Justice League, written by Bryan Hitch and drawn by Tony Daniel and Fernando Pasarin, debuted in June 2016. The team consists of Superman (pre-Flashpoint version), Batman, Wonder Woman, the Flash (Barry Allen), Aquaman, Cyborg, two Green Lanterns, Jessica Cruz and Simon Baz & Mera.
Starting in February 2017 as part of DC Rebirth’s second wave, a new Justice League of America series was released. The team consists of the Atom, Vixen, the Ray, and Killer Frost. The month prior to this, each of these members received a one-shot issue. On October 28, it was revealed that Batman, Black Canary, and Lobo would be joining the team as well. Batman will have a dual membership in both Justice League teams.
Following the western comics character who originally used the name, the first superhero Ghost Rider, Johnny Blaze, debuted in Marvel Spotlight #5 (Aug. 1972), created by writer-editor Roy Thomas, writer Gary Friedrich, and artist Mike Ploog. He received his own series in 1973, with pencillerJim Mooney handling most of the first nine issues. Several different creative teams mixed-and-matched until penciller Don Perlin began a considerably long stint with issue #26, eventually joined by writer Michael Fleisher through issue #58. The series ran through in issue #81 (June 1983). Blaze returned as Ghost Rider in a 2001 six-issue miniseries written by Devin Grayson; a second miniseries written by Garth Ennis in 2005; and an ongoing monthly series that began publication in July 2006. Johnny Blaze was the son of Naomi Blaze and Barton Blaze, Naomi being the previous Ghost Rider.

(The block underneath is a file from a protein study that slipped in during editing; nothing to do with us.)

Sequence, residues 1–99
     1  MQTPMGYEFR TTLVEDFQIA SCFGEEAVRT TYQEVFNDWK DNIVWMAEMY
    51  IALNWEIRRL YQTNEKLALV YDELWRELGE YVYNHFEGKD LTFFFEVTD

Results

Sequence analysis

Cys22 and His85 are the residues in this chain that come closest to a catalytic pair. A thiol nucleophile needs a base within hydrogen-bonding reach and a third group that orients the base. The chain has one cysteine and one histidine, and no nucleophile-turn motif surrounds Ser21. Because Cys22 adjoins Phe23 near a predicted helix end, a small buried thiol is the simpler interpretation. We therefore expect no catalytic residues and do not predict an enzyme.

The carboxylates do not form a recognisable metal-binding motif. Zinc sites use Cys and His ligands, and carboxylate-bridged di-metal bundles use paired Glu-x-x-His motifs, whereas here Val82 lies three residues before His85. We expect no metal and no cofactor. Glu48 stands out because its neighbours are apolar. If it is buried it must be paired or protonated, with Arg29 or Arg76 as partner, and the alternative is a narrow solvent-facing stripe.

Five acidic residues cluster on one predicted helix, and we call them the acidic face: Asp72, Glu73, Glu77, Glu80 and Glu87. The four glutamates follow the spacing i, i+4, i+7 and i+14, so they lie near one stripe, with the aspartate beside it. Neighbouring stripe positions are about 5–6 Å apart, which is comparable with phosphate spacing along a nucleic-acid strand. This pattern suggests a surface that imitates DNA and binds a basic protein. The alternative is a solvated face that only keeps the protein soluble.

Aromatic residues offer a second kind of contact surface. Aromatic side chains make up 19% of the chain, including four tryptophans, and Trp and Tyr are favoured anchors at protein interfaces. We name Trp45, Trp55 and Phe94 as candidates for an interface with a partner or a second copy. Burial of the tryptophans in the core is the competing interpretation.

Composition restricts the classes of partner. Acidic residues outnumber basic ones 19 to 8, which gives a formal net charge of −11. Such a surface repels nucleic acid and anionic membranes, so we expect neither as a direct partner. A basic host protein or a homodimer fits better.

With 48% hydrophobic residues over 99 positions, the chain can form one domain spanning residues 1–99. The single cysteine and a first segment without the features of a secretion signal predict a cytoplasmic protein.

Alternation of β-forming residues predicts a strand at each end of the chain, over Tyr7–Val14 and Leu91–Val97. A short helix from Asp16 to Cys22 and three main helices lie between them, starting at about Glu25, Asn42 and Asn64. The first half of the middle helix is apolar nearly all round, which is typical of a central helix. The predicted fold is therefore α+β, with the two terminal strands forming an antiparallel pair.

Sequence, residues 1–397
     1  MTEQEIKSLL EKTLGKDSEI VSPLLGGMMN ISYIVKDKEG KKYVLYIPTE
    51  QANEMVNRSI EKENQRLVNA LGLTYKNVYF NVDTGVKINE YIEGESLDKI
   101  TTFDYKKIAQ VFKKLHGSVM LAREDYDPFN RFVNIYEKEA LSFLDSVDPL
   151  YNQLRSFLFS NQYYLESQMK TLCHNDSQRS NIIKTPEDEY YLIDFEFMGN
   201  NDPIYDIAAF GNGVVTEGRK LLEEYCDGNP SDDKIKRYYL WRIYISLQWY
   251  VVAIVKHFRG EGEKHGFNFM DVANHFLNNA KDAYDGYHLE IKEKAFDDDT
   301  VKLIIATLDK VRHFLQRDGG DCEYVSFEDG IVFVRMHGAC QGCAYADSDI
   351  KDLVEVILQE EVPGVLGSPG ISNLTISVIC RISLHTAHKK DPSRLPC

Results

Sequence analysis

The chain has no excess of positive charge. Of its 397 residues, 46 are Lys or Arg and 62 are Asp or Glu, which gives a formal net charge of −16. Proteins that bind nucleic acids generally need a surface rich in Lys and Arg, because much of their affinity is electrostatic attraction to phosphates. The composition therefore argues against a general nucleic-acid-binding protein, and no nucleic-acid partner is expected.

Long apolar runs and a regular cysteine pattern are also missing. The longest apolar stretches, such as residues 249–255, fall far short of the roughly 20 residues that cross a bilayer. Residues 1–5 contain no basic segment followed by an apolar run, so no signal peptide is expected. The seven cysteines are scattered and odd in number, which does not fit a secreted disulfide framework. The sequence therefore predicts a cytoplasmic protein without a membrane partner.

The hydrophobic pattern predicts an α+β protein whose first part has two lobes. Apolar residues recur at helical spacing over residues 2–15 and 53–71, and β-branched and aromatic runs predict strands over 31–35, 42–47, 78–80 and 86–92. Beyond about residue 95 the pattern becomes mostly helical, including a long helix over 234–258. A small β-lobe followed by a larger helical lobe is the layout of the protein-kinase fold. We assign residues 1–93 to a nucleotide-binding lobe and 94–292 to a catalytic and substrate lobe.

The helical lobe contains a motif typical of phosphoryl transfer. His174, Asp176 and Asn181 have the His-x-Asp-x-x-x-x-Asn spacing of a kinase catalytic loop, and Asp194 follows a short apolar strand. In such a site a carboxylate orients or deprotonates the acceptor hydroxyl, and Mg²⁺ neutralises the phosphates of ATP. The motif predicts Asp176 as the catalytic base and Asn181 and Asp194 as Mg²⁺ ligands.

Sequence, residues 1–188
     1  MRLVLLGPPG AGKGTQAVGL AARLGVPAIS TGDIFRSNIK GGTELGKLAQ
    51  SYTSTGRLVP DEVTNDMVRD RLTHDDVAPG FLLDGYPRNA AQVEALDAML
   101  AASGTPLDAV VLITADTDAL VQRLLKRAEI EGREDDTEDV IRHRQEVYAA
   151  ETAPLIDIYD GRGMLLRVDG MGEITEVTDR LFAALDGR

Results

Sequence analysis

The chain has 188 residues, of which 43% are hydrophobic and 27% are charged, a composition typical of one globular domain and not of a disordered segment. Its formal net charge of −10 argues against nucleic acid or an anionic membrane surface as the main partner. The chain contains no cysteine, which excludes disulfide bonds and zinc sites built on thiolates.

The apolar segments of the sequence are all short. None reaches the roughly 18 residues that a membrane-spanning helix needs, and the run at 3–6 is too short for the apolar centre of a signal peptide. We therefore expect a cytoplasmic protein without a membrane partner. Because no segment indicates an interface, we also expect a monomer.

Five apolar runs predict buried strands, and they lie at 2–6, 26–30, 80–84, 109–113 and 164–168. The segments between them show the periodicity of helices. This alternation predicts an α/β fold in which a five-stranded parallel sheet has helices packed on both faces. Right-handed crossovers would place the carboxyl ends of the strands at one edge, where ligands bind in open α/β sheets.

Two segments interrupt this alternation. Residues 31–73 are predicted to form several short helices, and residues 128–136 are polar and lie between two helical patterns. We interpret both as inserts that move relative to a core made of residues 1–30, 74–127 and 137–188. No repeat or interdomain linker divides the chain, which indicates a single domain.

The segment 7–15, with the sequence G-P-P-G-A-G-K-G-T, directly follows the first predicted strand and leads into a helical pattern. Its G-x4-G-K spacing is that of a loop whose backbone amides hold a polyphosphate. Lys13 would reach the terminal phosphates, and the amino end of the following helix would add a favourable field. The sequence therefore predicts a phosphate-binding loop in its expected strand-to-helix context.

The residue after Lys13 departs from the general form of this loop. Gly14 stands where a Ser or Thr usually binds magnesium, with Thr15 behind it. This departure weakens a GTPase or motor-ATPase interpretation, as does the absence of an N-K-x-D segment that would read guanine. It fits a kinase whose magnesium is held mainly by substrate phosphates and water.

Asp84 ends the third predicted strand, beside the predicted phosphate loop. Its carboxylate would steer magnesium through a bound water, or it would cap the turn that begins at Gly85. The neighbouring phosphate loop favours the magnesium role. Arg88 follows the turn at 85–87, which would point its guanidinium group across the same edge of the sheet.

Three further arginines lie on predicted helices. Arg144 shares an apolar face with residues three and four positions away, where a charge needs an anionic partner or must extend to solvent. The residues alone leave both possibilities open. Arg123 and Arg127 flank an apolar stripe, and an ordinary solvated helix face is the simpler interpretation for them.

Rai (pronounced “rye”) appeared in books published by Valiant Comics. Rai was the first original hero created by Valiant and had its beginning as a flipbook back-up feature in Magnus Robot Fighter issues #5-8. The popularity of the flipbook back-up story later led to an ongoing series. Valiant Entertainment is the current owner of Rai and the rest of the original Valiant Comics characters.
In his original incarnation, Rai is the spirit guardian that protects the nation of Japan in the 41st century. It is a mantle passed down from father to son through the generations. As such, the series chronicled a number of protagonists.